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Sometimes They Bitch-A few of DHC's recent reviews.

Welcome fans of the Dance Hall Crashers--Reviews of DHC. Select an album below to go to the reviews.


It's easy as pie to swear allegiance to certain sounds and then regurgitate them, ad infinitum. Look at all the new `punk' bands who play cheap, watered-down versions of ska and reggae-sounds suspiciously like old Clash albums, right? Well, every great once in a fucking while some group actually assimilates its influences, digests `em in its system, and spits out a happy new hybrid that's like nothing you've ever heard before, nothing you can put your finger on. Porkpie hats off, then, to Berkeley's brainy Dance Hall Crashers, a neo-ska combo that's whipped so many sounds into its frothy punk batter that the recipe is unreadable. With a pair of Blondie-schooled female co-vocalists-Elyse Rogers and Karma "Karina" Schwarz (Denike)-and a couple of guitarists as adept at punk, New Wave, and power pop as they are at that old choppity-chop, happy-feet ska rhythm, this band is one of the freshest new faces on the cluttered alternative scene. From the bopping pep of "Queen For A Day" to the rude-girl raveup of "Too Late" to the pleasantly puerile chime of "Shelly," this stellar bow is jumping from beginning to end, the kind of album you can play for all your poseur Mohawked buddies next time they drop by to mooch beer. Watch `em scratch their spiky heads and mumble "Jeez, what kinda music IS this, anyway?" The best kind, dumbo-intelligent music.

Dance Hall Crashers have developed quite a bit over the past two years. While 1995's Lockjaw was full of competent but unremarkable ska, Honey I'm Homely is two-tone power-pop brimming with infectious hooks. The specter of gritty punk seems to be a thing of the past, with all of the fuzzy edges smoothed out and shined up. Have no fear, rude boy: You can still skank to Honey, I'm Homely, but you might have to learn a few new steps. Along with several bouncy numbers that are bound to give your neck a workout, you also get a few that display the band's depth of influences. "Next To You" is a breezy, piano-thumping tune that struts along with the verve of the Monkees' "Daydream Believer." Take away the punchy arrangement of "Last Laugh," and you have an early-'60s Brill Building hit. The quintet now knows when to let up on the gas for dramatic flair. Drummer Gavin Hammon sneaks nuance into rhythm parts that could have easily fallen into the 1-2-3-4 mold; his brother Jason layers his brassy rhythm parts with acid rock leads. The harmonies of Elyse Rogers and Karma Denikérecall everything from Bananarama's sassy soul to the Andrews Sisters' saccharine swing. It makes the `80s seem fun again.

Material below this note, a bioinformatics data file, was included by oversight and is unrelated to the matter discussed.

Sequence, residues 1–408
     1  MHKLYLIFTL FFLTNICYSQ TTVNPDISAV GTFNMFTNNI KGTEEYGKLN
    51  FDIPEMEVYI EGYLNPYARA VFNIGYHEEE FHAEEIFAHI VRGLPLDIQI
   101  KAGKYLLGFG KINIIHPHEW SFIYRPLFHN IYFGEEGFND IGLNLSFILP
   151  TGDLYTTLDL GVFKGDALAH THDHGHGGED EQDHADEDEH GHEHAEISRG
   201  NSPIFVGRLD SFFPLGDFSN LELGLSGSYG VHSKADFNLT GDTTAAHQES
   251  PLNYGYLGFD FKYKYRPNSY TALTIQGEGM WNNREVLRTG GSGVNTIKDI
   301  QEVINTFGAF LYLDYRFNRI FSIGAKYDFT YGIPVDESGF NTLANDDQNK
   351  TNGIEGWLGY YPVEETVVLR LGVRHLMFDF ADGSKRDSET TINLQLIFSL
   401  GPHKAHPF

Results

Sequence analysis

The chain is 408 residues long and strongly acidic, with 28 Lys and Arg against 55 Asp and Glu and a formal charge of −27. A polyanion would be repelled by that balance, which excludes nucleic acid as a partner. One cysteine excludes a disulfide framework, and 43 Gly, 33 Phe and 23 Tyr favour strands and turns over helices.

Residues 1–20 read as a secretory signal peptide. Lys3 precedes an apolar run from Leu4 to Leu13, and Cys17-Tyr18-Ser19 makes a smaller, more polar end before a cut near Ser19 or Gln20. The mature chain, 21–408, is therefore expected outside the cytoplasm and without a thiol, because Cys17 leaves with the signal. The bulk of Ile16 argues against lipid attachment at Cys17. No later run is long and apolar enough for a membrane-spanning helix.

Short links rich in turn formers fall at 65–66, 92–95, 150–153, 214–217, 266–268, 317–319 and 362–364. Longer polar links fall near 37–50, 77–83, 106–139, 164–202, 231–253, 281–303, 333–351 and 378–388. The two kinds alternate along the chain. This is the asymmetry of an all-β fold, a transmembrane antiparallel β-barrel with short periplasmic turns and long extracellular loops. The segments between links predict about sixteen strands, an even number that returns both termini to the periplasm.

For nine years now, Berkeley, California's Dance Hall Crashers (who took their name from a '60s Jamaican Ska anthology) have been working on the upbeat end of ska music, using guitars to propel their music rather than the big horn sections used by many other ska bands. The Crashers' last album, 1995's Lockjaw, led the band to tour with the likes of Bad Religion, the Mighty Mighty Bosstones, NOFX and Pennywise. On Honey, I'm Homely, the group's anticipated new album, Elyse Rogers and Karma Denike's vocal harmonies take on a '50s-style pop sound, and the songs are both sarcastic and full of danceable fun The 15-song collection opens with the vibrant bounce of "Lost Again," whose pleading chorus goes, "I know where I wanna go/But I just don't know/Just don't know how to get there," and is set to a catchy rhythm with the chops to attract the No Doubt fanbase, although the Dance Hall Crashers aren't as purely pop. They are, however, all about a good time, which is evident in the album's swift, jump-up-and-dance pace. Some un-Homely favorites include: "Next To You," "All Mine," "Elvis & Me" and "The Truth About Me."

The Dance Hall Crashers' peppy, rough-and-tumble fourth album is an exhilarating good time, marked by the band's rascally spirit. Purr, a fun collection of 12 boisterous, ska-infused pop-punk jolts, is also the band's tightest effort to date. It begins with eye-opening immediacy, as rumbling drums kick into zippy, up-tempo punk rock. The strong harmonies of co-frontwomen Elyse Rogers and Karina Denike characterize these spirited tunes, which never slow up until the album-closing ballad, "Cricket." The rude set should be forewarned, however -- the record's energetic punk riffing and percussive shockwaves outweigh the toned-down syncopated rhythms.

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Page created on: 7/17/2000 - Last updated on: 7/19/2000